Everywhere you look during campaigns you’ll see endorsements. Candidates will be endorsing candidates at the same time organizations are being wooed by campaigns. It is enough to make an observer believe that endorsements carry significant weight in the process, but it just doesn’t seem to be true.
Today Tom Vilsack officially endorsed Hilary Clinton for President. Vilsack is the former Governor of Iowa and is a widely known name in the Democratic Party. It would seem that this endorsement would carry considerable weight. Iowa plays an enormous role in the selection of our Presidental nominees. A strong showing in Iowa can catapult a candidate to the nomination, and a disappointing showing has destroyed many a campaign. Being a former Governor of Iowa, and still a highly respected figure in the state, it would seem that his endorsement is a huge plus for Hilary. If you look here, here, and here it appears that this is a significant event.
Our voting pamphlets compound the idea that endorsements are significant events. They come with lists of “major” endorsements . These lists are trumpeted as if voters tally the organizations and vote for the candidate with the highest total.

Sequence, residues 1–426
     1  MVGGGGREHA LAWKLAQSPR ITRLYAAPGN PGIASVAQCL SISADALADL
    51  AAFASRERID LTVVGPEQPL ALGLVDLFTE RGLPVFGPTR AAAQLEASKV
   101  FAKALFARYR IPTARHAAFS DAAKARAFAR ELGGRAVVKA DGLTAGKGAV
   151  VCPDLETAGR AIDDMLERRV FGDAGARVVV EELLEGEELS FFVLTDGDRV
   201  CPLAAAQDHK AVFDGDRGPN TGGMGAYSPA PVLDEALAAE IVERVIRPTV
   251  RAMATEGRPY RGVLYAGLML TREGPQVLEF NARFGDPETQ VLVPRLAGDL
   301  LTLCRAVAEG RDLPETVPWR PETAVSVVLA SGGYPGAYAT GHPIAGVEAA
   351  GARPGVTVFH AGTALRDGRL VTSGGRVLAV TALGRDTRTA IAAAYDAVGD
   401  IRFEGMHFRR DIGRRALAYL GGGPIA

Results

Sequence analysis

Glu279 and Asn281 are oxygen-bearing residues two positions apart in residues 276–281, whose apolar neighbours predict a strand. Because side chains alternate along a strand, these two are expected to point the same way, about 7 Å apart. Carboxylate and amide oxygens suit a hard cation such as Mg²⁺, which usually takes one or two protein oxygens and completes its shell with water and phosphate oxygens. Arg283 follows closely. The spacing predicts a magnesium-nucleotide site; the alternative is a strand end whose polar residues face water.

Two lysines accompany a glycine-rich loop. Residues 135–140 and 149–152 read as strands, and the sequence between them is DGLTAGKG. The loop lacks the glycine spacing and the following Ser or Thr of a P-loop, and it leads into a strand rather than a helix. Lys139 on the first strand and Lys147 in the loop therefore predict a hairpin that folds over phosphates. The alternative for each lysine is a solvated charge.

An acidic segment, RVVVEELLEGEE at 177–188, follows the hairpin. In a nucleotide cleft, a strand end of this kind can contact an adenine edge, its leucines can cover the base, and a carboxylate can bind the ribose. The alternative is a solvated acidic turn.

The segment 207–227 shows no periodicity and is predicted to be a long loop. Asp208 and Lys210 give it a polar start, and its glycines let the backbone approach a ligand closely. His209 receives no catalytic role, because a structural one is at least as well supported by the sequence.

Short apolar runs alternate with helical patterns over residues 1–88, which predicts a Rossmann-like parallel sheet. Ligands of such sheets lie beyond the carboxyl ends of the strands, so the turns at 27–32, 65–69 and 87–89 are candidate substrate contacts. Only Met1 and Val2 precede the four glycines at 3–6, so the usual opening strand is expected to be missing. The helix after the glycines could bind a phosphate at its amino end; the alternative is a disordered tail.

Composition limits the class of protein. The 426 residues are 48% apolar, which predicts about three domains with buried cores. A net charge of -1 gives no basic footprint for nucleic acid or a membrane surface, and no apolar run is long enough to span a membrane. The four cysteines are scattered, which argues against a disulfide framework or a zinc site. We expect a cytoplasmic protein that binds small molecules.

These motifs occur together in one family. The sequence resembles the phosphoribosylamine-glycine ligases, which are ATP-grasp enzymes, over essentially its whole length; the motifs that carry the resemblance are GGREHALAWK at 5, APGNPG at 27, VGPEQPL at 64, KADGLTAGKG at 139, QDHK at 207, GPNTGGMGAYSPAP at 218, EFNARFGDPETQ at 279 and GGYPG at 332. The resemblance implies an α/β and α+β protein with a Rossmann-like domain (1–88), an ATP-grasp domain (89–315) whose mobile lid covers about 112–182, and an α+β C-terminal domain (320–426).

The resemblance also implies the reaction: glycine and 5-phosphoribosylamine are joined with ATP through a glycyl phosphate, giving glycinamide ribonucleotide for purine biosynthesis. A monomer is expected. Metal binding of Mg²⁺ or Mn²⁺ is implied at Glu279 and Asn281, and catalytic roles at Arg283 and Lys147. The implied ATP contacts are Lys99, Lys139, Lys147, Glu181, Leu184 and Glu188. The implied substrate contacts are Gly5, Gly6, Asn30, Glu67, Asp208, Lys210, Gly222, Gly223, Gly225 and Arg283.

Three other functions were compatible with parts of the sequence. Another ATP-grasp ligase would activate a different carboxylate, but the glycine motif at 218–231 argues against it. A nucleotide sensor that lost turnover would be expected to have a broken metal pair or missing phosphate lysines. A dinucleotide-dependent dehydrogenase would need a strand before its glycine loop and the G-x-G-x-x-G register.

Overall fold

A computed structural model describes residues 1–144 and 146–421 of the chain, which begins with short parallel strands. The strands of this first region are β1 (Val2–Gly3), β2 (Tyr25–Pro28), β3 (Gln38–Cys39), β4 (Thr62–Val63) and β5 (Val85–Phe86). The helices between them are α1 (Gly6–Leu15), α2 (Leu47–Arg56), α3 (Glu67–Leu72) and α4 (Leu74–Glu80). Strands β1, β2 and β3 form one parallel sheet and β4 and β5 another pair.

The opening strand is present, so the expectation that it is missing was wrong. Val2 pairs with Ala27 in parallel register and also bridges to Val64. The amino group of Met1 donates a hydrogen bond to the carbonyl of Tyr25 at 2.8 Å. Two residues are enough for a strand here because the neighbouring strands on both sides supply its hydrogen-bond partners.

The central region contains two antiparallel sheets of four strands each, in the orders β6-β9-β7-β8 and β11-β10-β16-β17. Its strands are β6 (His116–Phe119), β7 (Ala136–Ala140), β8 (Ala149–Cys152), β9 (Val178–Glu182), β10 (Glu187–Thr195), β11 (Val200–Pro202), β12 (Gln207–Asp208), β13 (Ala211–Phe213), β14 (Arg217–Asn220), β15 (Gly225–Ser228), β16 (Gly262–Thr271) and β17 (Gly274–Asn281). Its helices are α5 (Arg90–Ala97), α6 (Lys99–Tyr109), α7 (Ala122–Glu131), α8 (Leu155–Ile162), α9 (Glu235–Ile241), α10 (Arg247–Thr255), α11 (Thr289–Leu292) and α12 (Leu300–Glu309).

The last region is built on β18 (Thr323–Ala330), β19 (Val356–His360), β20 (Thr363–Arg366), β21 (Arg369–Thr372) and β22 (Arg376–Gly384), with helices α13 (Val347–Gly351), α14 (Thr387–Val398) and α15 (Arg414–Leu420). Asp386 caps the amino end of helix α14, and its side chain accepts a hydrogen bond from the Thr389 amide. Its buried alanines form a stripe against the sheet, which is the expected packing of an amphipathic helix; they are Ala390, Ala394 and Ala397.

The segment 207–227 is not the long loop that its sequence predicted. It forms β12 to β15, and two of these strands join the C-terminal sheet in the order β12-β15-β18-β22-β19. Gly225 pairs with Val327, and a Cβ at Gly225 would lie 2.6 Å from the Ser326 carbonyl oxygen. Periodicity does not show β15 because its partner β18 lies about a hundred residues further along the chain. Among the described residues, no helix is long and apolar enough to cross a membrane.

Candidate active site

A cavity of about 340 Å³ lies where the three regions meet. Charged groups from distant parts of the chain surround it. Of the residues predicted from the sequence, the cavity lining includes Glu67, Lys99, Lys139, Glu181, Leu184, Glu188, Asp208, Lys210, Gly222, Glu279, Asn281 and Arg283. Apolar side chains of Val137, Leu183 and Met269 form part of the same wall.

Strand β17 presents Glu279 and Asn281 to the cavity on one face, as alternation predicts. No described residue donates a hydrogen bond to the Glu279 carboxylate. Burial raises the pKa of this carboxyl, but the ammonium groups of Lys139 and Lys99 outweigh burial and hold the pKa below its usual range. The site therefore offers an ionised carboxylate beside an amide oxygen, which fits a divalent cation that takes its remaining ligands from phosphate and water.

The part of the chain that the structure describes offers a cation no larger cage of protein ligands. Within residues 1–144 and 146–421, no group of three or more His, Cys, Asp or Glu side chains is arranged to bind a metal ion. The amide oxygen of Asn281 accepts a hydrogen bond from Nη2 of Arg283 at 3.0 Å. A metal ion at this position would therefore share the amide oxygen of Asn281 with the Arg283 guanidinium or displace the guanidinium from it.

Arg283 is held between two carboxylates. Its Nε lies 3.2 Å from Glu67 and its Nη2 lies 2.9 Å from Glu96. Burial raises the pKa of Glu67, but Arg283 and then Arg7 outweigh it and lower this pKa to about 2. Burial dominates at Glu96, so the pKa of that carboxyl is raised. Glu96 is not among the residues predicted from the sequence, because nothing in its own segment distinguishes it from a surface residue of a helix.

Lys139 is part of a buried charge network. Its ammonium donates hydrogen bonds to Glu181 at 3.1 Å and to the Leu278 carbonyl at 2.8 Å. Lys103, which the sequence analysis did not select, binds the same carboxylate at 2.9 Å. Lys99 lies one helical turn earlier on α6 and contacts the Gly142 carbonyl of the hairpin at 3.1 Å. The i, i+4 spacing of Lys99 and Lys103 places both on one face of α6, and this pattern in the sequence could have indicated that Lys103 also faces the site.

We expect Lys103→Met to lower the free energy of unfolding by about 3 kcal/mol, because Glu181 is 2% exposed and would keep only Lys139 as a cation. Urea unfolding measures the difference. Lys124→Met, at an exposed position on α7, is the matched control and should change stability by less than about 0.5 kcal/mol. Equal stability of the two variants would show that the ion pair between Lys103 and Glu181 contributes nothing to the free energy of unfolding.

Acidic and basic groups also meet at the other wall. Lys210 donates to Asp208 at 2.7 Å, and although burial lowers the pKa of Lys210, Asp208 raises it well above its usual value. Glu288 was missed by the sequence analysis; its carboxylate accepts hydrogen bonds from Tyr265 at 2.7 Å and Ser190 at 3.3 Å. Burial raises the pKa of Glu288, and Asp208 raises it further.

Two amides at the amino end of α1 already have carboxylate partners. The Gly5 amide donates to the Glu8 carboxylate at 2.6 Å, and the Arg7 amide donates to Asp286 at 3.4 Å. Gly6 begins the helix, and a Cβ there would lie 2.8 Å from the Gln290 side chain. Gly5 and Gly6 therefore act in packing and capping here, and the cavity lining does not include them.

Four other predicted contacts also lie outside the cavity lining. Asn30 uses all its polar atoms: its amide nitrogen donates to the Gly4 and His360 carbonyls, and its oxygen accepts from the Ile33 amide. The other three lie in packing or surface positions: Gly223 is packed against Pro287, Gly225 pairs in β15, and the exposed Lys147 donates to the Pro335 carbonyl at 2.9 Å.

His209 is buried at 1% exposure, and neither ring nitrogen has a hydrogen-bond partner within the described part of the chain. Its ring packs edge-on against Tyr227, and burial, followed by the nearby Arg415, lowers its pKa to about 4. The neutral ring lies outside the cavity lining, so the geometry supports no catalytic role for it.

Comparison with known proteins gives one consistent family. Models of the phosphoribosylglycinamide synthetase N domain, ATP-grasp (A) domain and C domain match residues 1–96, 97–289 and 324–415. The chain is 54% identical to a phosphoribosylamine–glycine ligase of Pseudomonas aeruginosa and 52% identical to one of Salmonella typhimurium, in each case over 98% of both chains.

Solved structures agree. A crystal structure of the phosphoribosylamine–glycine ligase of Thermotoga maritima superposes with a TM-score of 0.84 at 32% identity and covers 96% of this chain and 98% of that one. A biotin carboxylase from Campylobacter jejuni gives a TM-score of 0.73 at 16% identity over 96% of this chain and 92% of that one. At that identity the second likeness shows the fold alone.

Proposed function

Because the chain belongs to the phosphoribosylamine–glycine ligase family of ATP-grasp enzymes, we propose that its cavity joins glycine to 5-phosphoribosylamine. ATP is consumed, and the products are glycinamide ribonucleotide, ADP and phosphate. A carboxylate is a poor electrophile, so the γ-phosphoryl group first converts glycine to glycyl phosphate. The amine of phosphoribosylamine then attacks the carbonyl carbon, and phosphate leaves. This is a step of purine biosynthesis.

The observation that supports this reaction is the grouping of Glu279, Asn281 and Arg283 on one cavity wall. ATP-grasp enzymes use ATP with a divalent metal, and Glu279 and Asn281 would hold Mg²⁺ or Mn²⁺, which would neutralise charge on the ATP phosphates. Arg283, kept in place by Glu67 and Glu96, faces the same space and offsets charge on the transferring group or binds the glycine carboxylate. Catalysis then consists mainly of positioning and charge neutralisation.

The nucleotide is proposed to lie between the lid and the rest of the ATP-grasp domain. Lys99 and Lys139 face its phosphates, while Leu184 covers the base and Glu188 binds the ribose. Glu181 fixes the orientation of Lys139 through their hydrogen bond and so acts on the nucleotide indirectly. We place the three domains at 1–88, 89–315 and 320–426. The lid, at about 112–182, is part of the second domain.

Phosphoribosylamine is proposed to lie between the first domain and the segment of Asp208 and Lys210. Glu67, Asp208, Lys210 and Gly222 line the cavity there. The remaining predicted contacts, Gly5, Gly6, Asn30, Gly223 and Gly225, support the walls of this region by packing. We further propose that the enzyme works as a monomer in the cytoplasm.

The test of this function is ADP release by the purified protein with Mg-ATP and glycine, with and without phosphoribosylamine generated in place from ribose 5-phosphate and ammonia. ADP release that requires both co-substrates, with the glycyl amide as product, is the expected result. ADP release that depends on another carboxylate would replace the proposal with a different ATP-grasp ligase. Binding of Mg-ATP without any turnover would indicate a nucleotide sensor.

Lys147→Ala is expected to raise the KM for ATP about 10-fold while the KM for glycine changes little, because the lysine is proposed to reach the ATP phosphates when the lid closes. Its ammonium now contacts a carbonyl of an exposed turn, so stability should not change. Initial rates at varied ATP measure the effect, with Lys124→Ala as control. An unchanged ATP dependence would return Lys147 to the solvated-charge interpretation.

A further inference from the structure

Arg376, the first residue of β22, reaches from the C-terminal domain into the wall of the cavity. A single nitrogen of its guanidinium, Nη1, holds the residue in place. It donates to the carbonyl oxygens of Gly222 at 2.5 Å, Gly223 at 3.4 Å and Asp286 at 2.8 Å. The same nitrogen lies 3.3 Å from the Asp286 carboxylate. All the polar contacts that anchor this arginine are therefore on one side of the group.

Yet something doesn’t add up. Four years ago Howard Dean got the endorsement of Iowa’s Democratic Senator, as well as some influential state organizations. Dean finished a disappointing third.
Endorsements such as Vilsack’s do have important value. Within Iowa, Vilsack’s infrastructure could provide Clinton’s campaign with valuable resources. What it doesn’t do is significantly change the outlook in Iowa. Vilsack, while polling well in his home state, cannot expect his supports to flood Clinton’s campaign. Vilsack’s endorsement can only be a plus for Hilary in Iowa, but don’t expect it to change the face of the race there.